Search Images Maps Play YouTube News Gmail Drive More »
Sign in
Screen reader users: click this link for accessible mode. Accessible mode has the same essential features but works better with your reader.

Patents

  1. Advanced Patent Search
Publication numberUS5165795 A
Publication typeGrant
Application numberUS 07/727,427
Publication dateNov 24, 1992
Filing dateJul 9, 1991
Priority dateJul 9, 1990
Fee statusPaid
Also published asDE4021792A1, EP0466226A1, EP0466226B1
Publication number07727427, 727427, US 5165795 A, US 5165795A, US-A-5165795, US5165795 A, US5165795A
InventorsDieter Hauffe
Original AssigneeMetallgesellschaft Aktiengesellschaft
Export CitationBiBTeX, EndNote, RefMan
External Links: USPTO, USPTO Assignment, Espacenet
Method of determining the weight of conversion layers per unit of area
US 5165795 A
Abstract
A method of determining the weight per unit of area of conversion layers, particularly of phosphate layers, on metals, in which the heat radiated from the dry surface which is covered with the conversion layer and is at the temperature T and the heat radiated from a reference surface or a reference cavity which is at the temperature T+t are periodically measured at a temperature between 15 and 50 C. by a wavelength-insensitive electic infrared detector. t is preferably selected in the range from +15 to +3 C. from -15 to -3 C. above or below T. The weight of the conversion layer per unit of area is determined from the amplitude of the resulting electric alternating signal. The radiant heat is suitable measured by an infrared detector having a sensor which consists of a pyroelectric sheet of polyvinylidene fluoride.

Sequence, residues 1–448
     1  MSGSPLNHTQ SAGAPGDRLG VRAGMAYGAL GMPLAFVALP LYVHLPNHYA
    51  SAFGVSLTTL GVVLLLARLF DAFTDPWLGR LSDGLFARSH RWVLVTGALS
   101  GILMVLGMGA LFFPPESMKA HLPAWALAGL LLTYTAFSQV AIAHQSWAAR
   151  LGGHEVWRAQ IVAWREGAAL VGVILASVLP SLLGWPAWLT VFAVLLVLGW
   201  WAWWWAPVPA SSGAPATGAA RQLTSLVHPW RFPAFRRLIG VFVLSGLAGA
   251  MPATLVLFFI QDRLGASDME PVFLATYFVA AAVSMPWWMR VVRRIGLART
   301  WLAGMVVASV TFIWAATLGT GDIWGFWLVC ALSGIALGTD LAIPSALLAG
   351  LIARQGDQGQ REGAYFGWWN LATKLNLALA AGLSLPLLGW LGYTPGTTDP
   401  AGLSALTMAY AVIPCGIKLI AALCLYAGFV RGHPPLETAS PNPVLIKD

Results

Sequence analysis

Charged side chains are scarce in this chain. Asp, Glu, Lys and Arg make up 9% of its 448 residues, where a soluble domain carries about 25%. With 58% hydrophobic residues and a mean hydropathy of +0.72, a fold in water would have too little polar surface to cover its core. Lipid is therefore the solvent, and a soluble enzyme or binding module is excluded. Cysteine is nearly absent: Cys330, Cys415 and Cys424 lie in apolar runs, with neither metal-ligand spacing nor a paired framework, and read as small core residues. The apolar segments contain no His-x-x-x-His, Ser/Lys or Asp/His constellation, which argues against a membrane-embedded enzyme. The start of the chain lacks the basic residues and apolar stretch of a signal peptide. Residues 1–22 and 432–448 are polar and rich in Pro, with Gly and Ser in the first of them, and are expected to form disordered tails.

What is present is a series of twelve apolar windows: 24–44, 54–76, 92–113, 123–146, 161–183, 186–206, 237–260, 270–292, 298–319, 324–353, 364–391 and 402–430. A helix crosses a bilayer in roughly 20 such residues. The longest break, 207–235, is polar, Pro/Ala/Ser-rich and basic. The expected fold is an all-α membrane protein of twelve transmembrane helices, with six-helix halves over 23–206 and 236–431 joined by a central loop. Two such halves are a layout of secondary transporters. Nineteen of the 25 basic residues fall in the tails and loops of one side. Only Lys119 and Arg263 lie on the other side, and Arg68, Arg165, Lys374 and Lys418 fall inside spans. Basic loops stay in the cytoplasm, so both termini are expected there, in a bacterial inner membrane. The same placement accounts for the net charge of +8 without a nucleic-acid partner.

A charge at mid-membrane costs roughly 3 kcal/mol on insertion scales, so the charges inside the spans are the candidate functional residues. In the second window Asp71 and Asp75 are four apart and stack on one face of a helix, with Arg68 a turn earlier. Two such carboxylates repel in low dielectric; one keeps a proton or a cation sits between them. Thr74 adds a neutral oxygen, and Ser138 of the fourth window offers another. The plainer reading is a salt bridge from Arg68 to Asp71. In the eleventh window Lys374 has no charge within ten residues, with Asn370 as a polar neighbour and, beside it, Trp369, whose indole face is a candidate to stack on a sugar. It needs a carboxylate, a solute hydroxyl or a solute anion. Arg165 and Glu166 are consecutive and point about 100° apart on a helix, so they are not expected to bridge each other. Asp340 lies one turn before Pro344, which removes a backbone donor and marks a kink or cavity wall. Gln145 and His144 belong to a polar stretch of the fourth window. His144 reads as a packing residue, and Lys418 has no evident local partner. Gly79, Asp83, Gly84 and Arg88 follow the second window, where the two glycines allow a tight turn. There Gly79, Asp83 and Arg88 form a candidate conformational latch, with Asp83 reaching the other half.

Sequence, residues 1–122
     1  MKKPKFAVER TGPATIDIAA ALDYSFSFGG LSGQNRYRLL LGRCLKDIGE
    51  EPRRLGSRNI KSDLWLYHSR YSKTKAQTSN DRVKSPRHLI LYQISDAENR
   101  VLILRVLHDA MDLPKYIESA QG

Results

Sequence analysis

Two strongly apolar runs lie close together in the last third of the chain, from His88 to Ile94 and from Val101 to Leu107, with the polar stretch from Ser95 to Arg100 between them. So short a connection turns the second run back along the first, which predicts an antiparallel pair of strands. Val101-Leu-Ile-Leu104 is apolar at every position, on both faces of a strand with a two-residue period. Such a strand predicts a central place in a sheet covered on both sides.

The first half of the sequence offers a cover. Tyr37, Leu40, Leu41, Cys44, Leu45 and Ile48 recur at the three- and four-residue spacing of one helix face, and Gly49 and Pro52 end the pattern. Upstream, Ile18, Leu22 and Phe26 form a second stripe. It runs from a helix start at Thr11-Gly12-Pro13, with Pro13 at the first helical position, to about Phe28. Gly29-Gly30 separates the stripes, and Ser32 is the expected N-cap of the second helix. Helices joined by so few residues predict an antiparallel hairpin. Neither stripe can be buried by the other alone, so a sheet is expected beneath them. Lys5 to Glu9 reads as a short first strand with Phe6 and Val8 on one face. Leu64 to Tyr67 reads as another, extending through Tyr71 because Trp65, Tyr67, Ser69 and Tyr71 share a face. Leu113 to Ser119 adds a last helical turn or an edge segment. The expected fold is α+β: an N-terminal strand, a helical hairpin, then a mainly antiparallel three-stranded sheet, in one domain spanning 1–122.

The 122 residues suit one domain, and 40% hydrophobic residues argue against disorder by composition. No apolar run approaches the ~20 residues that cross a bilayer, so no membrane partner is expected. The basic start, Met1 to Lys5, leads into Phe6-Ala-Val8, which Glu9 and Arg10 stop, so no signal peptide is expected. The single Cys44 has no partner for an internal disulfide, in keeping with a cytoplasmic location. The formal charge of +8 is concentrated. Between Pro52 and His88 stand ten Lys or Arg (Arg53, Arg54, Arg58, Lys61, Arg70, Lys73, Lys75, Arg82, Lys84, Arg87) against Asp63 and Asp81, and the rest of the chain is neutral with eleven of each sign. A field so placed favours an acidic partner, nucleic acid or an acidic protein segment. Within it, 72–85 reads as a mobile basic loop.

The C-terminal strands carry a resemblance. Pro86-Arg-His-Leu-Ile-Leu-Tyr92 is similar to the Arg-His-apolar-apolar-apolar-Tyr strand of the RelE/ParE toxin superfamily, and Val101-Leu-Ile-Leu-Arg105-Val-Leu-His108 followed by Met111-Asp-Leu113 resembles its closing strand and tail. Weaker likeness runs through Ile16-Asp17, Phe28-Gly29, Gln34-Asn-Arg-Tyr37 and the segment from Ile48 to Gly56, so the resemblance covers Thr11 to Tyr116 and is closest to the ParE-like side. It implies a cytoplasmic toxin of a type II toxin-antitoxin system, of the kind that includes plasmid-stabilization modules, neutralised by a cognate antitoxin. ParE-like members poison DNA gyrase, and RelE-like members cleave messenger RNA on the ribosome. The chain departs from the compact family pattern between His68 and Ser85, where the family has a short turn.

Images(2)
Previous page
Next page
Claims(9)
I claim:
1. A method of determining weight per unit of area of a conversion layer on a metal substrate, said method comprising the steps of:
(a) periodically measuring heat alternately radiated from a dry surface of the substrate which is covered with the conversion layer and is at a temperature T and radiated from a reference surface or a reference cavity which is at a temperature T+t at a temperature between 15 and 50 C. by a common wavelength insensitive electric infrared detector to produce an electric alternating signal of a frequency corresponding to alternation of measurement of radiation at said temperatures T and T+t; and